Below are my tips on how to survive on a college budget.

Use your student ID.

Your student ID is good at many places beyond just your college campus. Before you buy anything, I highly recommend seeing if a company offers a student discount.

Your student ID can be used to save money at restaurants, clothing stores, electronics (such as laptops!), at the movies, and more. You may receive a discount, free items, and more all just by flashing your student ID.

After all, you are paying to go to college and you are paying a lot. You might as well reap one benefit of paying all of those high college costs.

Make extra money.

You may need to look into making extra money if you just don’t have enough to survive on. I am a firm believer in making extra money and I think extra time can be wisely spent doing this.

Some online side gigs with flexible schedules include:

  • Blogging is how I make a living and just a few years ago I never thought it would be possible. I made over $150,000 last year by blogging and will make more than that in 2015. You can create your own blog here with my easy-to-use tutorial. You can start your blog for as low as $3.49 per month plus you get a free domain if you sign-up through my tutorial.
  • Survey companies I recommend include Survey Junkie, American Consumer Opinion, Product Report Card, Pinecone Research, Opinion Outpost, and Harris Poll Online. They’re free to join and free to use! It’s best to sign up for as many as you can because that way you can receive the most surveys and make the most money.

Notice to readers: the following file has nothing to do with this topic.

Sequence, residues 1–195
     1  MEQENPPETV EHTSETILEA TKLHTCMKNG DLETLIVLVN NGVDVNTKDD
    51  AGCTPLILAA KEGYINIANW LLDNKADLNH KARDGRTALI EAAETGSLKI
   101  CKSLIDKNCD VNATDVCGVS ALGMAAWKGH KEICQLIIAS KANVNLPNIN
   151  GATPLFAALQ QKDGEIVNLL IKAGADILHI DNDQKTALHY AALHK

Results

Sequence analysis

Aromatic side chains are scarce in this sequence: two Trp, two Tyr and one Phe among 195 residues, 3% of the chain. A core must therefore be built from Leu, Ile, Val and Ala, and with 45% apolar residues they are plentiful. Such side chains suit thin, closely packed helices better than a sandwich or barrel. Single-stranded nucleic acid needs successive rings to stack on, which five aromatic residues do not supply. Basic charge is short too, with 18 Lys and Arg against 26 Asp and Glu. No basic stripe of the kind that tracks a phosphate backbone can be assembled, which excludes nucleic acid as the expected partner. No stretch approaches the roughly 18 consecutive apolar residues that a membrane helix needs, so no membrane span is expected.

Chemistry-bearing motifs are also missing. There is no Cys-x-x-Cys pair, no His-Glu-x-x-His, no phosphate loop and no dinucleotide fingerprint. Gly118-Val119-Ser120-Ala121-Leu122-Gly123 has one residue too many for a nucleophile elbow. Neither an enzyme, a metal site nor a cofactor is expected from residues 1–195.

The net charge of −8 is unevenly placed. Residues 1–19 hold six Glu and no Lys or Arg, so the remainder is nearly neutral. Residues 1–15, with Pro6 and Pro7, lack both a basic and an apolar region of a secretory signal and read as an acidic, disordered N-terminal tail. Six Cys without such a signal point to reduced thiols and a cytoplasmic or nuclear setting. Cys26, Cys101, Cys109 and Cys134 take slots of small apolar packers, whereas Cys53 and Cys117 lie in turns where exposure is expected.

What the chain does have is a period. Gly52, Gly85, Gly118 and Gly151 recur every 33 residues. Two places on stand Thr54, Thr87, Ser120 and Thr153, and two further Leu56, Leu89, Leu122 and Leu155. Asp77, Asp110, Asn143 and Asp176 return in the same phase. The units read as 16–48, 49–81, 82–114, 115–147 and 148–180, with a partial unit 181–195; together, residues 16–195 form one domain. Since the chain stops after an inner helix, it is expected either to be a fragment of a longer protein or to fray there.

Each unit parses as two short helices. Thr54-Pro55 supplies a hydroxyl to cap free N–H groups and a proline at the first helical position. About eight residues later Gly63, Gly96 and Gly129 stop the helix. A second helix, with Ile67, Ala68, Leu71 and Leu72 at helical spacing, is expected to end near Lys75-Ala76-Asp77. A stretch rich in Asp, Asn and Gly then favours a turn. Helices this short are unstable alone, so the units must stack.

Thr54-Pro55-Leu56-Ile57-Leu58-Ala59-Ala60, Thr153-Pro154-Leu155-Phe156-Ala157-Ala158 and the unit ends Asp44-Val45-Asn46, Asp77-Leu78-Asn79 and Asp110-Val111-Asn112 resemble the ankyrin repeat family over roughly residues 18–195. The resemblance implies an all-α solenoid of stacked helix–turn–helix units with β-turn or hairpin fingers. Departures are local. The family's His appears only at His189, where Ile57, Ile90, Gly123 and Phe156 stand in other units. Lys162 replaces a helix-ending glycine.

• InboxDollars is an online rewards website I recommend. You can earn cash by taking surveys, playing games, shopping online, searching the web, redeeming coupons, and more. Also, by signing up through my link, you will receive $5.00 for free!
  • Swagbucks is something I don’t use as much, but I do earn Amazon gift cards with very little work. Swagbucks is just like using Google to do your online searches, except you get rewarded points called “SB” for the things you do through their website. Then, when you have enough points, you can redeem them for cash, gift cards, and more. You’ll receive a free $5 bonus just for signing up today!
  • Check out 75 Ways To Make Extra Money for more ideas.
  • Read Best Online Jobs For College Students

Use coupons to stay on a college budget.

Just like with the above, you may want to start using coupons.